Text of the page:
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Veterans Day parade returns to Springfield after two-year hiatus

The State Journal-Register - 11/11/2021

Nov. 12—Rosemary Connolly said she and other veterans have waited a long time to have a Veterans Day parade in downtown Springfield.

"It makes the day the day it was meant to be," said Connolly, who rode with the Catholic War Veterans, Bishop Joseph A. McNicholas Post 1916 from Springfield, Thursday morning.

Winter-like weather scuttled the parade two years ago while the COVID-19 pandemic forced its cancellation last year.

Rain earlier Thursday morning cleared for a parade of military vehicles from the Illinois State Military Museum at Camp Lincoln, the USS Sangamon from the Navy Club, reenactors from several different wars and marching bands from the city's three public high schools: Lanphier, Southeast and Springfield.

Sam Montalbano, a 92-year-old Korean War veteran who has usually been on the other side organizing, the parade, was the grand marshal.

The parade even featured "Corporal Ava," Mark Whitlock's half border collie, half German shorthair pointer, wearing a coat fashioned from an old World War II blanket. Whitlock, a veteran of the U.S. Army, is a volunteer with the Military Museum.

Phil Brown, commander of the Interveterans Council of Sangamon County, said he felt "blessed" that the weather held out.

"It's so wonderful to be back," said Brown, who helped organize the parade. "I'm so glad for my fellow veterans and I'm honored to have the privilege to organize this event this year. I couldn't be happier."

Delmer Flournoy, the senior vice commander of American Legion Post 809 in Springfield and a U.S. Navy veteran, was also happy for the parade's return.

"It's always great to have one," Flournoy said. "In the military, it doesn't matter what the weather is. If you have to go, you have to go."

People, including Springfield Mayor Jim Langfelder, lined Capitol Avenue from the step-off at Ninth Street to the Capitol Building where the Springfield Fire Department hung a giant flag.

In between Fifth and Sixth streets, 7-year-old Knox Thurman stood saluting as flags passed by.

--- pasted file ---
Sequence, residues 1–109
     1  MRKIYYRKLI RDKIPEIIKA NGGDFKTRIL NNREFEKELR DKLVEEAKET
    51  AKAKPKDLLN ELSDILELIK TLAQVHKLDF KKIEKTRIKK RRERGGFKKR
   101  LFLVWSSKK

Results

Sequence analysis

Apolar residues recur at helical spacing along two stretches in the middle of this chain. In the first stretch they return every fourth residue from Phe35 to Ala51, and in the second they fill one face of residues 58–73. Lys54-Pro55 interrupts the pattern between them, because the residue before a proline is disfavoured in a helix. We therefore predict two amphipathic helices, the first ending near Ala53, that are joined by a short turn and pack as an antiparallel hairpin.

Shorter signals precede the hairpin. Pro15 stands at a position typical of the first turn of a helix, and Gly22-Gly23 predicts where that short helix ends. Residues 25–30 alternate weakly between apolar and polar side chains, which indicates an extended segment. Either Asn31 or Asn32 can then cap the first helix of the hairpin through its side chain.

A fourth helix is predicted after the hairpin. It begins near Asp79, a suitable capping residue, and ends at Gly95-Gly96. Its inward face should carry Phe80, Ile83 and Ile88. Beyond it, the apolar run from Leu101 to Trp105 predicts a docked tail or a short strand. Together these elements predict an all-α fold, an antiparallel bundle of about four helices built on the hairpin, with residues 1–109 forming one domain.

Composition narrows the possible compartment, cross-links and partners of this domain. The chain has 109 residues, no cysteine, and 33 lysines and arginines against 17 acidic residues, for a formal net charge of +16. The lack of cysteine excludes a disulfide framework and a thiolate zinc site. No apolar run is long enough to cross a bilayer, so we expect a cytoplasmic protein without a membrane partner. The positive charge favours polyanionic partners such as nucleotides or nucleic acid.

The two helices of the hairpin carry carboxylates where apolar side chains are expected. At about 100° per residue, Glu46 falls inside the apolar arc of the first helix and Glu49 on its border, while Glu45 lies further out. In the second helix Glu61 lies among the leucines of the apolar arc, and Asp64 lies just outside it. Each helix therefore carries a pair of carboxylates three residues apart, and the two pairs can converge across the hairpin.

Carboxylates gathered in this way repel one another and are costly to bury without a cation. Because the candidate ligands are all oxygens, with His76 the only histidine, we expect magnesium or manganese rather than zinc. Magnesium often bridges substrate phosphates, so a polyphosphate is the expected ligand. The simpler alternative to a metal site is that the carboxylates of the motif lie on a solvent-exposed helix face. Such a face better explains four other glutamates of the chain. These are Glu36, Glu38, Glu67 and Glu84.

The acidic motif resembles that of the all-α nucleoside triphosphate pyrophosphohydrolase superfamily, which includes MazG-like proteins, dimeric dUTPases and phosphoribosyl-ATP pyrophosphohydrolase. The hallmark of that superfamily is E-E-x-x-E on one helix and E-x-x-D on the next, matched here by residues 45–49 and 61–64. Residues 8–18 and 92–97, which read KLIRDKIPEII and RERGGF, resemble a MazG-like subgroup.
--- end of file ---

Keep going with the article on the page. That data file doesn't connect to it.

"We're trying to teach some of that," said Thurman's father, Lance Thurman.

Knox Thurman was wearing a replica of his uncle's captain's jungle fatigues when he was with the U.S. Army's82nd Airborne Division. Thurman's uncle, Jared Thurman, now works for the U.S.Secret Service.

Lance Thurman said his paternal grandfather, father and brother were all veterans.

Near Seventh Street and Capitol, 7-year-old Adalynn Horacek held a handmade sign which read "Thankful for you."

"We wanted to honor the soldiers," said Linda Woodson, who brought Horacek and several other children from her day care to the parade. "We've been talking about it all morning. We made the sign together."

Bruce Martin, a Patriot Guard Rider and a U.S. Army veteran who served in the Vietnam War from 1969 to 1970, said the Veterans Day parades used to be huge, but he was encouraged by some young people who "at least are taking note about what this is all about."

Martin also belongs to local VFW and American Legion posts as well as the Vietnam Veterans of America. Among those organizations, there's been a considerable membership fall off, especially in smaller communities.

"Several towns are having to combine (to have) a VFW or to have an American Legion," said Martin before the parade. "They don't have enough membership to sustain their own local clubs. Even in the Patriot Guard (a group that shields families of veterans from groups attempting to disrupt funeral services, we've lost 300 members in the last several years. People aren't volunteering like they used to, not just for military organizations, but other volunteer organizations.

"Some of that's generational. People assume things are going to stay the way they are now."

Connolly said she also belongs to other organizations such as the VFW and the American Legion, in addition to the Air Force Sergeants Association and the Women's Overseas Service League.

Connolly, who is retired from the Air Force, said she didn't think females were encouraged nearly enough to join the military. Young people, she added, notice how veterans are being treated so "if they see disrespect to the veterans, why the heck are they going to join?

"I'm proud of what I did. I would encourage others (to serve). I want to get the young people involved."

Montalbano, who was being cheered on by his sister, Mickie Colton, and daughter, Karen Hampton, both of Springfield, near the beginning of the parade, said he was humbled to serve as grand marshal.

"I always say when people say 'thank you for your service,' mean it, because all of these veterans they need their respect," he said. "This is their day. I wish people would give the veterans courtesy and respect they deserve. We need the parade and I'm glad to see (the group) took it over."

Contact Steven Spearie: 217-622-1788,,


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